On stage or on screen, the show must go on

In an attempt to preserve the spirit of the lip sync in the midst of a pandemic, it needed to be moved online.


Senior Rylan Hefner before his big reveal.

Since its introduction to the St. Paul Academy community in 2015, the Huss Center for Performing Arts has served as a space for the many formal student concerts, plays, and assemblies throughout the year. However, one informal event has also become a staple of the new, state-of-the-art theater. This event is the annual homecoming lip sync competition which allows some ambitious students to choreograph and perform a song of their choice in front of a crowd full of faculty and their fellow peers. In the year of 2020, though, this tradition clearly needed significant alteration, in order for it to still take place.
In an attempt to preserve the spirit of the lip sync in the midst of a pandemic, the Student Activities Committee (SAC) decided that the competition must be moved online. It was determined that students would be able to record their performance and send in a video of their lip sync that would be viewed in an online assembly. There was only one other demand by SAC: The video had to be one take. Four students were up to this task.

The first of which was junior Rebecca Ebert, who delivered an electric rendition of “Polka Never Dies” by a band named the Dreadnoughts. The performance included a hardcore violin solo along with a background of memes.

“[It] took about 3 hours to edit in the backgrounds, and an additional hour to find all the memes,” Ebert said. “It might have been more work, but I would have never done the lip-sync if it was in person because I wouldn’t be able to spam the whole school with memes.”

Following Ebert was senior, and SAC co-president, Gavin Kimmel who gave an emotional performance of Leona Lewis’s 2007 hit “Bleeding Love”.

He said “I don’t think you can listen to Bleeding Love and not be emotionally moved. It felt only fitting that I carried that feeling into my lip sync.” Kimmel’s act included a tear-jerking mirror scene in which it was clear that the performer was putting it all into the lip sync. “I felt like, even though I hadn’t rehearsed my performance at all, my first take was perfection,” he said.

I felt like, even though I hadn’t rehearsed my performance at all, my first take was perfection,”

— Gavin Kimmel

Junior Griffin Moore’s video was next. Moore, a first time lip syncer, performed “Legs”.

Moore said, “I believe it was created to be lip synced to on [RuPaul’s] Drag Race, meaning that it’s short and easy to learn. I already knew all the words and it just felt like a natural choice.” The performance was executed well as the performer navigated through difficult choreography. “I spent about 2 hours the night before choreographing [the routine],” Moore said. As for his advice to future lip syncers, Moore said “don’t take yourself too seriously, let the lip sync be a chance to try something you’ve never done before.”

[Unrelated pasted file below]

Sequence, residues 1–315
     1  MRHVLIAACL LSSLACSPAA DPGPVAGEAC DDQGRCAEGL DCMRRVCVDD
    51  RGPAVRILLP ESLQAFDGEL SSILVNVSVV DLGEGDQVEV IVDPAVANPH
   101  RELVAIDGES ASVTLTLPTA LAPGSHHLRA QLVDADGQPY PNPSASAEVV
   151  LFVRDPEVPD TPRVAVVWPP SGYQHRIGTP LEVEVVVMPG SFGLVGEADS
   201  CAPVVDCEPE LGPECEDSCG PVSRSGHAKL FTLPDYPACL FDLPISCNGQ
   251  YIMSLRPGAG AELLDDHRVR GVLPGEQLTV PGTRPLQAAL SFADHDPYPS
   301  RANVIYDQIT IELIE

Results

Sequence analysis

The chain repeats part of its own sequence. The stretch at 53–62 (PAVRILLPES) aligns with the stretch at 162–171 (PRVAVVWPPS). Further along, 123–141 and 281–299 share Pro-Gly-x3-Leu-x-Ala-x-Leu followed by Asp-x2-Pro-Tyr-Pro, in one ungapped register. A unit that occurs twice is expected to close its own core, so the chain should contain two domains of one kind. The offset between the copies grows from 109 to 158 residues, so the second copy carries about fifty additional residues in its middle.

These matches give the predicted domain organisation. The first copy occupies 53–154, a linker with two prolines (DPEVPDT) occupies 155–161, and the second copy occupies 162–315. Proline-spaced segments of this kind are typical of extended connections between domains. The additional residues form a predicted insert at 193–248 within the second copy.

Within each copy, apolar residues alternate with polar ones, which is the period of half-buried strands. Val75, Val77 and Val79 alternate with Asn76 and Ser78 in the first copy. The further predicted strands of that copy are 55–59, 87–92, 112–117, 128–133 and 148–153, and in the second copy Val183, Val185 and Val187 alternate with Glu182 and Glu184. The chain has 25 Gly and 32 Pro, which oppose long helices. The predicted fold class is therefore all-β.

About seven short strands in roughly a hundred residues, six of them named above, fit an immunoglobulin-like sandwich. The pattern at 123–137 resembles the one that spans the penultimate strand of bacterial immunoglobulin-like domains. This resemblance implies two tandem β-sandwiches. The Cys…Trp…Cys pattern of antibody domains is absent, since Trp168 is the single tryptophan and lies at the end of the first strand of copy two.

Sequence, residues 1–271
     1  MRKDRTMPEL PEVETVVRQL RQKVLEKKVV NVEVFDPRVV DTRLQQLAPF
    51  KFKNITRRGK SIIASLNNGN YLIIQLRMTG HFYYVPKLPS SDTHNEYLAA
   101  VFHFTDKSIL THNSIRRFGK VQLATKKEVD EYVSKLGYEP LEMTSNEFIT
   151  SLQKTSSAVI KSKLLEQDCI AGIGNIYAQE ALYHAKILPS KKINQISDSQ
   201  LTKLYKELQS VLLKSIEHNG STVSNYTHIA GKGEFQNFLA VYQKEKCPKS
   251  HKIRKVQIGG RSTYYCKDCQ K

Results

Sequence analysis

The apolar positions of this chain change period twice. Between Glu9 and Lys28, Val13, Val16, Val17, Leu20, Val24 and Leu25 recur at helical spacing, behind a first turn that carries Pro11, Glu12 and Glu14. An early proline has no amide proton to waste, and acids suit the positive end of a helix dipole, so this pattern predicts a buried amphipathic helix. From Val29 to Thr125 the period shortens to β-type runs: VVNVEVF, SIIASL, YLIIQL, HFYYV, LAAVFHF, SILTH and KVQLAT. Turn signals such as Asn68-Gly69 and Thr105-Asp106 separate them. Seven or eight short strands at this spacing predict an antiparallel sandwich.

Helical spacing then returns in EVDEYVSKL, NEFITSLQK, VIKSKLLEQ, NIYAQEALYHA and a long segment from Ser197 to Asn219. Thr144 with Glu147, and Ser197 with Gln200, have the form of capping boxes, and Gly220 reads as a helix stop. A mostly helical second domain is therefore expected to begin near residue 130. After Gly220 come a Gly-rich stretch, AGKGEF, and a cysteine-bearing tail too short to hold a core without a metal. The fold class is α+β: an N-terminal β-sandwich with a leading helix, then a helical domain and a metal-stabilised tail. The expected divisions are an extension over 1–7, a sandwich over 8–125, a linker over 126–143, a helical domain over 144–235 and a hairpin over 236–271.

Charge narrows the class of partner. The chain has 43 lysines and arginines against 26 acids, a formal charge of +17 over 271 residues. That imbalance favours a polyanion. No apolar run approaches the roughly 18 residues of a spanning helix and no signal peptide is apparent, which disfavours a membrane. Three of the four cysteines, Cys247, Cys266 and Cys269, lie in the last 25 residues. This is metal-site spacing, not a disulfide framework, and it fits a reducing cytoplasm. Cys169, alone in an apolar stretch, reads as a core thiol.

Finishing up the competition was senior Rylan Hefner who was a returnee to the lip sync game after showcasing a tap dance rendition of “Perfect Day” by Hoku and a performance of Madonna’s “Vogue” in past competitions. This year, Hefner performed “Born This Way” by Lady Gaga. During the song, Hefner included lights and a costume change at the base drop, along with a fully choreographed dance.

“After my first lip sync in sophomore year, I made a playlist of all the songs I could do the next two years. “Born This Way” was one of the first songs I added […] The song is a celebration of humanity, which is the spirit I hoped to bring to the lip sync this year,” Hefner said. As a returning winner, Hefner said “This year I didn’t go in wanting to win. After winning the contest last year, I just wanted to have as much fun as I could this year, and I did just that.”

At the end of the event, it was announced that the three faculty advisors had chosen Kimmel’s emotional “Bleeding Love” performance as the winner.

Fellow competitor Griffin Moore said, “Gavin’s lip sync was phenomenal, and he absolutely deserved to win.”

Overall, the competitors all agreed that this year’s event was pretty successful in preserving the spirit of the lip sync.

Kimmel said, “I’m really happy with how the contest went overall. I think we made the best out of our virtual set up, and even though the rules were strict, I think that each participant was able to find their own creativity within the rules.”

Despite dances being cancelled, seasons being lost, and hybrid learning difficulties continually arising for students, the lip sync demonstrated that with a little improv, the adaptation and changes going on around campus and the world can be just as good as the original.